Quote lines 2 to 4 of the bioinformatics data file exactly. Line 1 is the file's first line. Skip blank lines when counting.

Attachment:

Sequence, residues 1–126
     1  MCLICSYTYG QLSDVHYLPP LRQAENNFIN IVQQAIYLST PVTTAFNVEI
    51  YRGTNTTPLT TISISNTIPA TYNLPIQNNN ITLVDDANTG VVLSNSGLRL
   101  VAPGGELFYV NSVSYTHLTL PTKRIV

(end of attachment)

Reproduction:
     1  MCLICSYTYG QLSDVHYLPP LRQAENNFIN IVQQAIYLST PVTTAFNVEI
    51  YRGTNTTPLT TISISNTIPA TYNLPIQNNN ITLVDDANTG VVLSNSGLRL
   101  VAPGGELFYV NSVSYTHLTL PTKRIV